Difference between Swedish and American Snus
Swedish snus, manufactured by Swedish Match, is a moist to semi-moist, ground, oral smokeless tobacco product. It is made from selected, mainly air-cured tobaccos, water, salt and flavorings. Snus is produced in a proprietary heat-treatment process that complies with food standards.
The moisture content of the product ranges between 30 and 60 %. Packaging forms vary: loose snus, which is sold in 50 g cardboard or plastic cans and portion-packed snus which is sold in three packaging varieties.
The vast majority of Swedish snus users place the snus in the upper vestibular cavity of the mouth. Swedish snus is regulated by the Swedish Food Act. Except for Sweden, snus has been banned since 1992 in the European Union countries. The legislative background for the ban is Art. 2.4 of Directive 92/41/EEC.
The Article 2.4 defines those smokeless tobaccos that may not legally be sold in the European Union. Since snus is widely used in Sweden, the Swedish government obtained permanent derogation from the ban on certain smokeless tobacco products as part of the terms under which Sweden joined the European Union. Snus and harm reduction strategies
Swedish snus is a moist form of smokeless tobacco which is usually placed under the upper lip, and which does not result in the need for spitting. It is sold either as a moist powder known as loose snus, or packaged into pouches known as portion snus. Snus is often mildly flavored with food-grade smoke aroma, bergamot, citrus, juniper berry, herbs and/or floral flavors.
Most Scandinavian snus is produced in Sweden and regulated as food under the Swedish Food Act. Many Swedish manufacturers have even implemented their own quality standards on top of the already very stringent regulations for food products, in order to ensure quality.
The most commonly known for this is of course GOTHIATEK by Swedish Match - a quality control system that follows each production from seed to finished can.
Swedish snus is made from air-dried tobacco from various parts of the world. In earlier times, tobacco for making snus was laid out for drying in Scania and Mälardalen, Sweden. Later, Kentucky tobaccos were used. The ground tobacco is mixed with water, salt, an alkalizing agent (today this is sodium carbonate), and aroma, and is prepared through heating.
After the heating process, food grade aromas are typically added. In Sweden, snus is regulated as a food product and, for this reason, all ingredients are listed on the label of each individual package (can) of snus. Moist snus contains more than 50% water, and the average use of snus in Sweden is approximately 800 grams (16 units) per person each year.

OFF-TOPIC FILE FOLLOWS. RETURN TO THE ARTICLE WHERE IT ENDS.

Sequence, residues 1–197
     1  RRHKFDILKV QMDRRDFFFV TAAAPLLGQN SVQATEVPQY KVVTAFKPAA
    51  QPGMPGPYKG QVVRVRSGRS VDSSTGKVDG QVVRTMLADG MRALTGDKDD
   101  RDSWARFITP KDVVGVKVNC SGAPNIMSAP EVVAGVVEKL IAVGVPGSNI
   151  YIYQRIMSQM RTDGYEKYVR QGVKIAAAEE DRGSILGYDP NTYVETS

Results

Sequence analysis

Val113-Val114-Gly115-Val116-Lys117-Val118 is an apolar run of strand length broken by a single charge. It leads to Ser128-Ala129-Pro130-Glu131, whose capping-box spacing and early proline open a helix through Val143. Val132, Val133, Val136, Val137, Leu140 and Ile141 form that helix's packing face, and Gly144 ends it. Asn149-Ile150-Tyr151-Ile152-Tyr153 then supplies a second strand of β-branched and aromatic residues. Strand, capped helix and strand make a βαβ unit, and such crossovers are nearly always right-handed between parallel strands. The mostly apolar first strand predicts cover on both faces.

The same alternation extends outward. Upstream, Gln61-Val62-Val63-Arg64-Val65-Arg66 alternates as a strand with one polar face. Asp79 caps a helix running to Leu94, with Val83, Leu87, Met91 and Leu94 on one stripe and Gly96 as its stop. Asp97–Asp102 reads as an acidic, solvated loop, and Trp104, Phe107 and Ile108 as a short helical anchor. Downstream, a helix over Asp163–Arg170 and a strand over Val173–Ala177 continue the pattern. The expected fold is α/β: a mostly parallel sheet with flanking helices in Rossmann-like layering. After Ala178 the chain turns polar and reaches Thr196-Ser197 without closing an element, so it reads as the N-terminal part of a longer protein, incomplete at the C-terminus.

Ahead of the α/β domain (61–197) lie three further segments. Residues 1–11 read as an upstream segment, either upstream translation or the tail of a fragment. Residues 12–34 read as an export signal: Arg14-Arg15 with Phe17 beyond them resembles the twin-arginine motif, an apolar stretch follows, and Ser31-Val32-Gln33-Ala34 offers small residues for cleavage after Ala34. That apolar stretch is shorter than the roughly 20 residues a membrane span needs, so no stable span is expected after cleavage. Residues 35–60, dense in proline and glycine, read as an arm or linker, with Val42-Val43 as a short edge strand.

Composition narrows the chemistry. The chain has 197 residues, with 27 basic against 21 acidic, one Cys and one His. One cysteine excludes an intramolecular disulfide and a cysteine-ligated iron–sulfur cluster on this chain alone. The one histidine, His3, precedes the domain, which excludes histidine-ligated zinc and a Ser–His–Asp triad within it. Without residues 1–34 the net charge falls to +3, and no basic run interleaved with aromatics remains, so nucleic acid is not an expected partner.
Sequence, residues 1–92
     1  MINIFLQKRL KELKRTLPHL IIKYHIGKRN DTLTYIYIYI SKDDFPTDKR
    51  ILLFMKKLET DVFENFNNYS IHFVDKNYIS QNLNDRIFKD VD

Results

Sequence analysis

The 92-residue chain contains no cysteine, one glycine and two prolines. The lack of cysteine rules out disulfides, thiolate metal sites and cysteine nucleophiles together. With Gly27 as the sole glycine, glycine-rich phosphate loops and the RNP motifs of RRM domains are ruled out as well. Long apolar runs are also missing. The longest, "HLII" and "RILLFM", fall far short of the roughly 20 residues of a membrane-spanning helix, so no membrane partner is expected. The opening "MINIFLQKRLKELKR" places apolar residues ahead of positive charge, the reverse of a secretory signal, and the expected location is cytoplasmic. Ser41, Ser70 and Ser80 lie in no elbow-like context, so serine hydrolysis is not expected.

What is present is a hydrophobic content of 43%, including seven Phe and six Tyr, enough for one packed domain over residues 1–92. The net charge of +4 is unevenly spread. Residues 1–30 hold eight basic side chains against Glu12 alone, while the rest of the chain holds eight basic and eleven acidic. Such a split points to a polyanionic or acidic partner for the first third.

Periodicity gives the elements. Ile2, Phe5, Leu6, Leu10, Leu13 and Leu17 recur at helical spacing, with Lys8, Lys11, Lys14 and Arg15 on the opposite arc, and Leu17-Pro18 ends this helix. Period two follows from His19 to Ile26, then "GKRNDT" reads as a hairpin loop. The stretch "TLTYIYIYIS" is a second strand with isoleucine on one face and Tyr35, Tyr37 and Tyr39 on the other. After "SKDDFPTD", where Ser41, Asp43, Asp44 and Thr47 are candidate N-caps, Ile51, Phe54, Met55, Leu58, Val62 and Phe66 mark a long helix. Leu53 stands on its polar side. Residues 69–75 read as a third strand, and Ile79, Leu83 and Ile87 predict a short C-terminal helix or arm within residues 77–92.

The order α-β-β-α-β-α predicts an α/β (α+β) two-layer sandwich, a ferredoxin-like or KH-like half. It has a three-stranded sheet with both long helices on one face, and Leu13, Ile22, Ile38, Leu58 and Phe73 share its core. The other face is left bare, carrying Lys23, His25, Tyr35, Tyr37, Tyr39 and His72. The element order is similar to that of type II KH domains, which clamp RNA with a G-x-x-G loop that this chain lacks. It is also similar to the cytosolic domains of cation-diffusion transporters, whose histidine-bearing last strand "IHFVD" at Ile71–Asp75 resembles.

About 12% of the population in Sweden use snus. Unlike dipping tobacco and chew, most snus today does not undergo the fermentation process, but is instead steam-pasteurized.
Although steam-pasteurization is remarkably complex, it has the advantages of inhibiting the growth of bacteria that facilitate the formation of tobacco-specific nitrosamines, while preserving the desired texture and mouthfeel of the snus. The absorption of nicotine, the addictive substance in tobacco, from snus depends on the level of nicotine in the snus and the pH level in the box.
A voluntary quality standard for snus products has been introduced (Gothiatek) that sets maximum levels for certain controversial constituents including nitrosamines, heavy metals, and polyaromatic hydrocarbons. Most manufacturers of Scandinavian type snus adhere to this standard.
Snus is sold primarily in Sweden, Faroe Islands and Norway, and has more recently been introduced to South Africa and the U.S. It can be found in places frequented by Scandinavian tourists, such as Murmansk in Russia or Chania in Greece. It is illegal in the rest of the European Union. It is sold in small tins which, in the earlier years, were made of porcelain, wood, silver, or gold.
Portioned snus usually comes in plastic tins of 24 portions, containing about .75 to 1 gram of snus each, while loose snus is mostly sold in wax coated cardboard containers with plastic lids (similar to dip snuff), at 42 g (50 g before 2008).
Mini-portion and medium-portion snus are increasingly popular formats. Most of these products come in tins containing 20 portions, of either 0.65 or 0.5 grams each for a total of just under 13 or 10 grams, particularly with those for whom concealing their use of smokeless tobacco in places is of utmost importance.